• Hipocrisy? (Score:2, Insightful)

    by InfiniteWisdom (530090) on Sunday December 14, 2003 @01:14PM (#7717516) Homepage
    RFID concerns are overblown, except when the tags are on YOU.
  • Re:Cool. (Score:5, Insightful)

    by ATMAvatar (648864) on Sunday December 14, 2003 @01:22PM (#7717583) Journal
    Many people are closely monitored in the workplace. Why should politicians be any different?
  • Re:Hipocrisy? (Score:4, Insightful)

    by Sylver Dragon (445237) on Sunday December 14, 2003 @01:34PM (#7717699) Journal
    No, RFID concers are overblown. I just happen to be one of the people that believes in erring on the side of caution. Truth is, those little suckers take some good sized equipment to read from any worthwhile distance, so carrying my work ID badge on me at all times (I just keep it in my wallet) really isn't a cause for concern. What bothers me, is the idea of any government of corporation trying to hide these things on me, so that they can track me when the technology advances far enough for the readers to be small and have good range.
    Also, note that I did say privacy nut, which usually implies being irrational. Which many of my fears about privacy are, but I'll hang onto them, just in case one of them is right.

  • Re:Summary (Score:5, Insightful)

    by Ironica (124657) <`pixel' `at' `boondock.org'> on Sunday December 14, 2003 @01:56PM (#7717881) Journal
    a group of reporters were pissed that they weren't invited to attend the conference.

    And from the article, there's no indication that they're the same as the group of researchers who snuck in.

    They disected a security card, and found (shock, horror) that it contained features designed to maintain security at said conference.

    If that's what it was for, how come the security people couldn't tell them that? I'm glad you were able to get more info out of them than the researchers were.

    Since this is the only dirt they managed to find, they spin it up into a sky-is-falling end-of-the-world privacy story.

    The fact that they faked their way in so easily was the first bit of dirt they dug up. The fact that there were undisclosed monitoring devices in the badges was the next. The final blow was that they couldn't get any info from security about the monitoring, and basically that the conference violated at least three privacy laws in the current jurisdiction.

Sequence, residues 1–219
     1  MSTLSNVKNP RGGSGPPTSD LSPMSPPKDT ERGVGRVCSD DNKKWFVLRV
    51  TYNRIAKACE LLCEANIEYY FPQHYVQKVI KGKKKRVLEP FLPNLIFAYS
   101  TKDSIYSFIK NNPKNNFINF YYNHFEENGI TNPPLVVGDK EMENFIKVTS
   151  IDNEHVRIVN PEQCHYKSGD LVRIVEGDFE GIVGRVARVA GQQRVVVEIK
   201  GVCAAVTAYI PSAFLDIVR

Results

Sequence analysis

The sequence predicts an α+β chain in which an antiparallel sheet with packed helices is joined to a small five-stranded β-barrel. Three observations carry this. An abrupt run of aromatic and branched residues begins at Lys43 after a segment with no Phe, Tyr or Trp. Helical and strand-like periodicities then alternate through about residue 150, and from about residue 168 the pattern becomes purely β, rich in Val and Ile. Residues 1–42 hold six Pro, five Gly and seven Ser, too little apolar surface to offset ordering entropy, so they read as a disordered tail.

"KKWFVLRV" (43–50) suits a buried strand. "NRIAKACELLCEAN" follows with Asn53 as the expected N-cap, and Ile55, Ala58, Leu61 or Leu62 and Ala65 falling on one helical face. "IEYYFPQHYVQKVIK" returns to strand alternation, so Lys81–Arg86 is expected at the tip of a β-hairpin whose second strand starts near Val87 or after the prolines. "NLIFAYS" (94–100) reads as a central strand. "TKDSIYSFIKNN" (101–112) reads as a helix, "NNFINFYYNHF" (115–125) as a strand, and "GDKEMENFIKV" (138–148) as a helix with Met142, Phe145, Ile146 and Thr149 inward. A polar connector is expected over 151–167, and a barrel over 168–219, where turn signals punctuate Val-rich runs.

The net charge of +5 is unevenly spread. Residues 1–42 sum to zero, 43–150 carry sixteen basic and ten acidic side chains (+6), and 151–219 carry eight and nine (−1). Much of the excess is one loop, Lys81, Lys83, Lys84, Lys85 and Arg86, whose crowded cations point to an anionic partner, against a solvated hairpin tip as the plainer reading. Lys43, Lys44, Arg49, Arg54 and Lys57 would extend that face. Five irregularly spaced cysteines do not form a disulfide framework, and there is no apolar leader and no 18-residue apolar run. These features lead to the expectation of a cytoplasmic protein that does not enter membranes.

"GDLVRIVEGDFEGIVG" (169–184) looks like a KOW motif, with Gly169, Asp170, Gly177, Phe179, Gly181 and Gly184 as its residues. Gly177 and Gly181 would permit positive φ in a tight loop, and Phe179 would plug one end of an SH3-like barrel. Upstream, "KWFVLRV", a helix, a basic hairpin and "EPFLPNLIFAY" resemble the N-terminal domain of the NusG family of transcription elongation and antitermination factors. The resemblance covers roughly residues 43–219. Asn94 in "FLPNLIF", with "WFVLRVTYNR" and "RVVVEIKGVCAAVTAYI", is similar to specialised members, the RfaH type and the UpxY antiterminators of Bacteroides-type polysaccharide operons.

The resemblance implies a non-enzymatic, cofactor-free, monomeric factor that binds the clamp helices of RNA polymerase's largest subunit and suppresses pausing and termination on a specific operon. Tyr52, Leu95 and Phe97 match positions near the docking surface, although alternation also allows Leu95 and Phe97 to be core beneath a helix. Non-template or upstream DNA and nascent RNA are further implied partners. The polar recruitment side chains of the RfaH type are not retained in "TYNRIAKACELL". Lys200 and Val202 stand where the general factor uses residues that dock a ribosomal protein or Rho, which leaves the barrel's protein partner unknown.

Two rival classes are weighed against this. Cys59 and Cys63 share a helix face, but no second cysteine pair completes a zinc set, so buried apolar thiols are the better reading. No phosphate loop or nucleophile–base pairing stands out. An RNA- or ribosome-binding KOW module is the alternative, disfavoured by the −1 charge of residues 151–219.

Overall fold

And that if this is how it goes in Switzerland, how will things go in Tunisia next year?

    If you figure it's no biggie, maybe you're right. But then again, if we send a bunch of prime ministers and other politicos to all congregate in a single place, and then we put tags on them so that we know their comings and goings, and who is talking with whom, and then we don't have any apparent plan to purge that info at any point... how easy will it be for every terrorist in the world to strike against their least favorite government at next year's conference? This seems vaguely important to me.
  • And watch ... (Score:2, Insightful)

    by Lead Butthead (321013) on Sunday December 14, 2003 @02:39PM (#7718266) Journal
    how quickly they will forget and proceed to do on to their citizens what they complain loudly of.
  • I agree (Score:5, Insightful)

    by mcc (14761) <amcclure@purdue.edu> on Sunday December 14, 2003 @03:53PM (#7718863) Homepage
    And I will take gladly endorse that viewpoint just as soon as the same courtesy is extended to consumers and private citizens.
  • Re:Cool. (Score:2, Insightful)

    by kommakazi (610098) on Sunday December 14, 2003 @04:17PM (#7719047)
    If Clinton "deserved" it like you say, why the hell is GWB still in office? He's outright lied and misled the public countless times about issues that actually matter and really do have a huge effect on the country and world at large. Yet there's not been any call for impeachment hearings...God the American public is fucking stupid.
  • by UltraSkuzzi (682384) on Sunday December 14, 2003 @05:20PM (#7719524) Homepage
    It didn't take long for that technology to be misused now did it? I can see the day when you go by RFID ready ad displays in the mall, and will be taylored to your 'interests' as they carefully read what stores you've been to and feed a 'revelevent ad'. Pretty soon RFID TVs will be made too, all sorts of fun and interesting uses for this technology will pop up! yay! Take me now Lord.............

Is a person who blows up banks an econoclast?

Working...